If this is your first time celebrating the Chinese New Year with a baby, you’re probably scouring the stores for that perfect little outfit and anticipating (finally!) the receiving of ang pows towards his education fund.
There’s probably also that niggling doubt about whether you’ll be able to pull off the daunting feat of bringing baby out for full days of visiting. It’s fairly common to have up to 6-8 homes to visit over the first two days of the Lunar New Year. In fact, if we’re keeping it real here, you probably have moments of utter panic as you envision all that could go wrong during that time.
You’ve never been out with the baby for more than a couple of hours, not to mention the whole day – add to that the many new faces she will encounter, and all that travel time to and fro from home to home, and it’s no wonder you’re quaking in fear at the thought.
Fret not, faint not! Here are a few suggestions to chase your fears away and get your Chinese New Year off to a happy start!
#1 Plan ahead
Planning is the key to success! Map out what your visiting days are going to look like. Don’t just imagine it in your head – write it down, or at least talk to your spouse about it. Think through the order of home visits, how long it will take to get from place to place, how much time you will spend in each home. Then try to shift the timings around so that the baby’s schedule isn’t too majorly affected.
For example, if baby typically takes an hour’s nap at 10am, and you have two places to go to in the morning, you could try to get to venue A about 9.30am, let her socialize with the relatives for a bit, put her to nap there, and then leave for venue B as soon as she wakes up!
Alternatively, if baby naps well in the car seat or in the baby carrier, you can schedule your travel times to coincide roughly with her nap times, so she can get her beauty sleep that way and arrive at each destination refreshed and happy to play!
If going with the flow is your common approach to life, then all this detailed planning this might seem a tedious and unnecessary task to you, but just give it a try!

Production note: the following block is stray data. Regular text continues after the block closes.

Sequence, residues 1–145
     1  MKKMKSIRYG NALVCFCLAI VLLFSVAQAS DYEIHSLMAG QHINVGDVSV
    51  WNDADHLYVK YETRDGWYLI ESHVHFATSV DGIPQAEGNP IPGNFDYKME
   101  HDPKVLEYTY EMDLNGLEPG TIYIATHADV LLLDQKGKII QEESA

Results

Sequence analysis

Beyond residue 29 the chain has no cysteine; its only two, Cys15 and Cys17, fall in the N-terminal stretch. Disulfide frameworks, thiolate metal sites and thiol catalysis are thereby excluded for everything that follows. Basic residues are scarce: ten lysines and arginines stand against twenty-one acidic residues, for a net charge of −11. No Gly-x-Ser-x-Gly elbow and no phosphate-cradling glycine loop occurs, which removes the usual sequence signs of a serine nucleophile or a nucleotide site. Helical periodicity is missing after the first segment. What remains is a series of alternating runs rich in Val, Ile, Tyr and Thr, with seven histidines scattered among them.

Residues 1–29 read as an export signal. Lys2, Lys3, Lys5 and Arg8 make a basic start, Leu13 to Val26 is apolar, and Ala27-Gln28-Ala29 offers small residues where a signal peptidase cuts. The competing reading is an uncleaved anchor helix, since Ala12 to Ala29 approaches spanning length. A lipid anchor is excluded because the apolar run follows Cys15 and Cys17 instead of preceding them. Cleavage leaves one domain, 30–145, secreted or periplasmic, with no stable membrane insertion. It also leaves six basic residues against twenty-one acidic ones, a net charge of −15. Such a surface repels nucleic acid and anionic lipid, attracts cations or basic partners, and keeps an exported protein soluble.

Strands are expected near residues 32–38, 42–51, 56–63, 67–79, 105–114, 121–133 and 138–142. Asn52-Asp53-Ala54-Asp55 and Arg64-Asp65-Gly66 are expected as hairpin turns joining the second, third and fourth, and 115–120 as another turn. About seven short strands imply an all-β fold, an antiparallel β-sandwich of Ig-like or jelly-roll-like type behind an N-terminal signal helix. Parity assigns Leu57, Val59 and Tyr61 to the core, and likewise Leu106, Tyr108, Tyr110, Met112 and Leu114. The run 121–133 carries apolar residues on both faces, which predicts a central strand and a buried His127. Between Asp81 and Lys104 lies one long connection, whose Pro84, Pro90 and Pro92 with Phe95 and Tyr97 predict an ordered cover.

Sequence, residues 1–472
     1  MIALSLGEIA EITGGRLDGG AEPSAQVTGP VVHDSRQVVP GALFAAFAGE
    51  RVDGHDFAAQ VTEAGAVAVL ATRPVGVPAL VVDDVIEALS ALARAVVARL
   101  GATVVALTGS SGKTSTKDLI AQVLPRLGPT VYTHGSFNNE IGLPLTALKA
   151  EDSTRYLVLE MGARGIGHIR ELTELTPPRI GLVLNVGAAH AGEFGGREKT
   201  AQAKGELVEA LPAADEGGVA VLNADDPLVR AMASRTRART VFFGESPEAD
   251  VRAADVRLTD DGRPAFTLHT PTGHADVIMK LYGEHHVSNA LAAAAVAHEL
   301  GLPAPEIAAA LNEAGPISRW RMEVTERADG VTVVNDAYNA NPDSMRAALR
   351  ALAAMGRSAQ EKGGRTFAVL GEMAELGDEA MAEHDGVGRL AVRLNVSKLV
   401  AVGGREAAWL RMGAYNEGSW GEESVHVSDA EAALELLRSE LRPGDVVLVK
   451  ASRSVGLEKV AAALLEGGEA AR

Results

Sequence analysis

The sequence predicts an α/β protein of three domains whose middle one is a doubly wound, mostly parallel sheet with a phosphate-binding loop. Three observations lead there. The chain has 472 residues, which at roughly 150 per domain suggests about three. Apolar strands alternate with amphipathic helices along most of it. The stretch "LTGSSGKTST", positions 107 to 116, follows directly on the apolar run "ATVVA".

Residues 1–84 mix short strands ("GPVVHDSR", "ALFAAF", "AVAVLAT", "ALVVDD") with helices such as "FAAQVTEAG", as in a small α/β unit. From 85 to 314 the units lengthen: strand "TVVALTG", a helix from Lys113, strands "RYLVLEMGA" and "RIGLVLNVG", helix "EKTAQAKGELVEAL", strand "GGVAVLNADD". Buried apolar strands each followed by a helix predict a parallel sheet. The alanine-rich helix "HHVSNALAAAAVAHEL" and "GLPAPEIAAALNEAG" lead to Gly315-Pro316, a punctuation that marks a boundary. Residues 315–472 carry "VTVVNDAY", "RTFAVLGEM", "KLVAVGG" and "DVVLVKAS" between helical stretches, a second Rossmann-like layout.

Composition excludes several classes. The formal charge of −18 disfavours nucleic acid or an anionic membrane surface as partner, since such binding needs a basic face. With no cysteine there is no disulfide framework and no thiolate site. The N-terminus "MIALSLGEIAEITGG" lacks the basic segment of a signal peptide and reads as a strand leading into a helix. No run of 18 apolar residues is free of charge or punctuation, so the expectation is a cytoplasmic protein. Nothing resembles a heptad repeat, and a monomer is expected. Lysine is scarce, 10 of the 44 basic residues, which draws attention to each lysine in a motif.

#2 Pack in advance
Photo: Mummy, What’s in your bag?
It’s almost like going on holiday, since you’ll be expected to feed, nap and change baby’s diapers on-the-go throughout the day. With that in mind, be prepared for all eventualities.
Be sure to pack a change of clothes, even though you hope she won’t soil her brand new dress. (It would be wise to bring a change of clothes for yourselves too!) Bring extra diapers, tissues and wet wipes too. If the baby is on solids already, decide if you will cook and bring her meal, or prepare the food in the home you are visiting. If there’s any space in your bag, bring along a few engaging toys, for those moments she may be bored or fussy.
If you are traveling by car, lucky you! Pack two bags – one big one with everything you need for the day, and a smaller one which you can repack with the essentials each time you leave the car for a new home visit.
#3 Prepare your speech
Everywhere you go, people will have opinions about your baby and child-rearing practices in general. You may find yourself easily frustrated, irritated or plain annoyed at some of the things they may say or hint at.
Like “Don’t need to nap him today lah, let him enjoy the New Year!” or “You shouldn’t put him in the carrier like that! Next time he’ll be bow-legged when he starts to walk!” and lots, lots more.
To be fair, such comments are not only heard on Chinese New Year for sure but given that you might be feeling pretty tired from caring for an active baby while on-the-road, you might overreact to some of these things.
This is why we recommend that, as far as possible, prepare yourself to answer the plethora of questions that may be fired your way during the Chinese New Year by well-meaning, but insensitive or uninformed, relatives and friends. This will help you keep your cool and answer graciously and politely under most circumstances, without compromising on your principles.
#4 Purpose to have fun
Last but not least, although all the above sounds like a lot of hard work, make it your aim to HAVE FUN!
After all, Chinese New Year only comes but once a year, and it’s your child’s first time experiencing all the festivities, receiving ang pows and being the star of the show!
Let go of some ‘rules’ for the day – such as letting baby nap that little bit later so that his cousins can have the joy of making him giggle and wiggle with glee! Don’t expect him to nap as much as he does on his usual days either – he probably won’t, with all that’s happening around him. And if he doesn’t want to finish his porridge, don’t force him while everyone else looks one – just let him drink more milk later in the day to make up for it.
At the end of the day, remember to savour those previous moments with your family and friends, even as you have baby’s needs constantly floating around at the back of your mind.
Enjoy yourselves, and have a very happy Chinese New Year!
By Dorothea Chow.
This article was first published in The New Age Parents e-magazine.
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